The Apprentice a catalyst for reflection?
If you need your fix of BBC’s The Apprentice, then maybe the current series of Young Apprentice will keep you going until next year? Like it or loath it wherever I’ve worked, networked or met up with other business people, everyone has an opinion of The Apprentice.
A couple of years ago I began mentoring a business owner and we met on a Thursday morning after the previous evening’s episode. Inevitably, each meeting began with the usual question, ‘Well, did you see it last night?’ My mentee enjoyed making observations about each episode, demonstrating an awareness of how team members worked together or didn’t; how the Project Manager engaged the team, or didn’t; the lack of planning for the task and too often how the Project Manager should have stepped in and regained control of the task.
OK, we may enjoy being armchair business critics but these discussions got me thinking about the importance of reflection and consideration. There are times, if we’re honest, when maybe we don’t take the time we know we should to reflect on our personal effectiveness. Do we pause for professional refection on our leadership and management styles? Are we continually asking ourselves the right questions? Are we effectively engaging our people? Have we translated our vision for the business into a strategy and plan? Perhaps most significantly; have we communicated this, empowering our teams by giving them a sense of direction and momentum towards achieving the business’s future goals?
I’ve got a business to run!
Day to day, we’ve all got to be go getters, entrepreneurs, innovators and motivators. We’ve got to spot new business opportunities, gaps in the market, have our competitors on our radar to be aware of what they are doing and understand the financial health of the business. To list a few of our roles! It’s not always easy to continually cultivate a high level of self awareness and keep our fingers on the pulse of our businesses but it’s exactly what’s required, even more so in current economic climate.
For a small business here’s your starter of 5:
- You’re an entrepreneur and a leader: Ask yourself why are we here? What is this business about, how has it evolved? What do we do well? Where’s the pride in the products or services we provide? What makes us, us? Where are we in the market place? How do we compare to our competitors? Can your people answer these questions? More than once I’ve been contracted to work on specific projects in some businesses, sometimes for as long as six months. After completing my project, even after six months, I can leave without a real understanding of what the business is about, why it exists and its future direction. Sadly, I often find the staff also don’t know.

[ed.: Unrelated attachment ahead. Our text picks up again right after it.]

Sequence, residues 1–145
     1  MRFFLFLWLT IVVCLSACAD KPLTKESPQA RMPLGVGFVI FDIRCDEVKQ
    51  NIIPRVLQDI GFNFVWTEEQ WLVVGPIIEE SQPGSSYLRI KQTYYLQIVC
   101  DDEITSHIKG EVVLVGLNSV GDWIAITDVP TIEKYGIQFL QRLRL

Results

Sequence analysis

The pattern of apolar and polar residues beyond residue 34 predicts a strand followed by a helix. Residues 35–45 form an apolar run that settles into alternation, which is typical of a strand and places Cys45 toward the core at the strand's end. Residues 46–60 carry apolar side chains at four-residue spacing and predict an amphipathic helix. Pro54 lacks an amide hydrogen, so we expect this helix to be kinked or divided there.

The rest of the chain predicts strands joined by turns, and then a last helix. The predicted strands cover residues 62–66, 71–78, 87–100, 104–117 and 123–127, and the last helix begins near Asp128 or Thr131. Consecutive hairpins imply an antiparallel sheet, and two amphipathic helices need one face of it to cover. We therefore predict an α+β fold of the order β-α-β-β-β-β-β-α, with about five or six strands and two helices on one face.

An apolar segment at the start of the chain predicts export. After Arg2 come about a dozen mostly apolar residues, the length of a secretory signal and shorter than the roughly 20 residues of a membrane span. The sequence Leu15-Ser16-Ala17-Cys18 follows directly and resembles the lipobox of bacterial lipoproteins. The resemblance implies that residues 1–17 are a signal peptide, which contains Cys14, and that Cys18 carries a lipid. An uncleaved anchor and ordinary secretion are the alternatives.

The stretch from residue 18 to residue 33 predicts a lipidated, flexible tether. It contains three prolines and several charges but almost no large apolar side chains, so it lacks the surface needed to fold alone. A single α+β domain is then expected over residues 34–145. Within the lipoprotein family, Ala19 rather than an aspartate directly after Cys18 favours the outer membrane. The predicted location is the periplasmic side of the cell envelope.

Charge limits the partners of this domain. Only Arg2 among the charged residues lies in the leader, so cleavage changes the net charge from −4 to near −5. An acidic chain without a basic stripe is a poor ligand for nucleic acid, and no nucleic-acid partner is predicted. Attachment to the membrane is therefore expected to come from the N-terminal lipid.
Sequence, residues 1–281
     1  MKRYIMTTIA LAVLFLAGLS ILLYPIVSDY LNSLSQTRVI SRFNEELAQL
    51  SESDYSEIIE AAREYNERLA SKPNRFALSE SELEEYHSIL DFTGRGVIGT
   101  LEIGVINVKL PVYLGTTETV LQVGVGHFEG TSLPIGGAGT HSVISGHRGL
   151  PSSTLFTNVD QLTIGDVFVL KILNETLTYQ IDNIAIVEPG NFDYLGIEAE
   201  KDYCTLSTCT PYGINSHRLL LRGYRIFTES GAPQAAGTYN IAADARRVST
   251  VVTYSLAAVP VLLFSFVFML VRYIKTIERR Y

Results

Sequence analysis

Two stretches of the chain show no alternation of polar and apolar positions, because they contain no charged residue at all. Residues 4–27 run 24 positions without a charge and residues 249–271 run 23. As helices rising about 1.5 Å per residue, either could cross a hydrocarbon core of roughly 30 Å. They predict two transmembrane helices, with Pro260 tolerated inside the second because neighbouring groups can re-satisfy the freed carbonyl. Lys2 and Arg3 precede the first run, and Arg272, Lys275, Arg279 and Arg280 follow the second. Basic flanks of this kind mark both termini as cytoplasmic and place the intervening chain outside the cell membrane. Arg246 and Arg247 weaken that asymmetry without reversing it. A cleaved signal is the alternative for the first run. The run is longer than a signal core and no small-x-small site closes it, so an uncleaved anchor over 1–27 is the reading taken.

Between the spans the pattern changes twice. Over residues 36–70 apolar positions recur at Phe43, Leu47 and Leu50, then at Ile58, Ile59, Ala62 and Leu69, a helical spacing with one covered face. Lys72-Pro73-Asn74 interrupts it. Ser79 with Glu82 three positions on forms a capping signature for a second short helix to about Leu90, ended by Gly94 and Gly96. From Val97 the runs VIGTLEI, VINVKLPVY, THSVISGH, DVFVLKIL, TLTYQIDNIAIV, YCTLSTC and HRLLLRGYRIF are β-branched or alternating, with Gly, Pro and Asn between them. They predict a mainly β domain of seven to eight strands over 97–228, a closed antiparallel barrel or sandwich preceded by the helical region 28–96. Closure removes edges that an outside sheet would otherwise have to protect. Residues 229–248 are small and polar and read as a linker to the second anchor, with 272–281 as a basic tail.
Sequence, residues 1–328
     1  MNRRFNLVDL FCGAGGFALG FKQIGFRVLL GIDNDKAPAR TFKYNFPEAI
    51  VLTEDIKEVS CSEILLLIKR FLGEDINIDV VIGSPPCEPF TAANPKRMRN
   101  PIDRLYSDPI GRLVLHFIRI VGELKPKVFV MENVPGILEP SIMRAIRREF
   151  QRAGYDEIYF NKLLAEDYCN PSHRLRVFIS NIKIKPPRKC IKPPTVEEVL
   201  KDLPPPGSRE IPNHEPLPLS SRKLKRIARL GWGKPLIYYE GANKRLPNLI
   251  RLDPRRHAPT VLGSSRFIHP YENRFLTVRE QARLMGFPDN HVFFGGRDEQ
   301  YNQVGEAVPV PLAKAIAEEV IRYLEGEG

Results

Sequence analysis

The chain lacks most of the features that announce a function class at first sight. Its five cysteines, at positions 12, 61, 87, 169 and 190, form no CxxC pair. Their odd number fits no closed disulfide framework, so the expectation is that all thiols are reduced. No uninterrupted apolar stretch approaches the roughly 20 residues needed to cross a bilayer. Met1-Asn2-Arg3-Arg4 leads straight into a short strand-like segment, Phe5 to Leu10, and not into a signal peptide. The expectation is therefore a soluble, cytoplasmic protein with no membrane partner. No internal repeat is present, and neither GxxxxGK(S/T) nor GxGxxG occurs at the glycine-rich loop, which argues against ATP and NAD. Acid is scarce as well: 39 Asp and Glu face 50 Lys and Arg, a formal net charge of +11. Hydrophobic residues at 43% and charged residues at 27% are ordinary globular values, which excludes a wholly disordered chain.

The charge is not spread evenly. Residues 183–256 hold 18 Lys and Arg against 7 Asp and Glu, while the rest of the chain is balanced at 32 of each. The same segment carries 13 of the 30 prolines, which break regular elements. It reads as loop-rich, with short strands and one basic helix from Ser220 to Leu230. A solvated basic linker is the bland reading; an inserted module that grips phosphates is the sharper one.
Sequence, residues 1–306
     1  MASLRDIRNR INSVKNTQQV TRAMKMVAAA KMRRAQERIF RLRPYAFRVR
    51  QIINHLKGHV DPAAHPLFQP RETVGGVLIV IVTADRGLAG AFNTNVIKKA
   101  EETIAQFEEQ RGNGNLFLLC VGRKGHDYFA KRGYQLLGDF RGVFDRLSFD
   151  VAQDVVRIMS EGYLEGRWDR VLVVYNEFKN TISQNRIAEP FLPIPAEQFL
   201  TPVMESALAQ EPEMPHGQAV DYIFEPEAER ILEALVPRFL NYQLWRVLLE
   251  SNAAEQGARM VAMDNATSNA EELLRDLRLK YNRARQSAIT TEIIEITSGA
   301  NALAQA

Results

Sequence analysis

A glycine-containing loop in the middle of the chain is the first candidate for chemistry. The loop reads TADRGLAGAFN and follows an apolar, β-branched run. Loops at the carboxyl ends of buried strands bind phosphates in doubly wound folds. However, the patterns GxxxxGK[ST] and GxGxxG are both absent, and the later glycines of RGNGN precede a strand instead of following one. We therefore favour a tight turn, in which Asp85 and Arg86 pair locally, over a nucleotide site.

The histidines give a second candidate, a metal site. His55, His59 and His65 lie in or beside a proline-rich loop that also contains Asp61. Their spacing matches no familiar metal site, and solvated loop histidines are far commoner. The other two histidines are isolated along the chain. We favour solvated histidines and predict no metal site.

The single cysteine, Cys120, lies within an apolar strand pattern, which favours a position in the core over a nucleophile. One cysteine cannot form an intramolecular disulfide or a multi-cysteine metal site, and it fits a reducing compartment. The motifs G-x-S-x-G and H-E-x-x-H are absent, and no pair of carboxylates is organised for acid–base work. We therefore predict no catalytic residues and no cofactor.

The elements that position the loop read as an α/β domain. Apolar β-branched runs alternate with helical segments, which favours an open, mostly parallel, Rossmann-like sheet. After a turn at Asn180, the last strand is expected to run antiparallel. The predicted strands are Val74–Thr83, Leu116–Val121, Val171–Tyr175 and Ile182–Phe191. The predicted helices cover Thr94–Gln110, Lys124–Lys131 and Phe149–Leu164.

- Learn to love strategy: A strategic action plan (emphasis on action) can be one side of A4, whatever works for your business. It’s important to map out the business’s future direction, communicate and keep communicating this to your people and go for it! When you need to revisit it, then revisit but keep communicating. And don’t lose touch with your business plan!
- Seek expertise and share your expertise: there may not be much funding around at the moment but there can be free business support and business health checks. Sometimes it can be really useful to get an independent view of your business. Also get networking, meet up with other business owners and managers and perhaps use social media.
- Be your biggest critic but a constructive one: you’ve worked hard to set up, develop and grow your business, so you want to get your people to ‘buy into’ your business and get the best out of everyone. Examine your leadership style do you engage and empower people? Be a great talent spotter, see below!
- Is there a better way? Continue to be curious; we don’t know the answers to all of the questions. Maybe there are times when we don’t know the right questions to ask! So encourage ideas from everyone. Not only is it a great tool to engage people but often people at different levels can have a more immediate grasp of challenges and areas of potential improvement. These people could be future managers, team leaders and product and service improvers. But don’t fall into the ideas black hole! If people can make time to submit ideas then you should make time to provide feedback.
And remember be passionate about your business with your people and your customers. Enthusiasm can be infectious. After all, at the end of the day, business can be about people. We all want to enjoy our work and we all like to do business with people we like.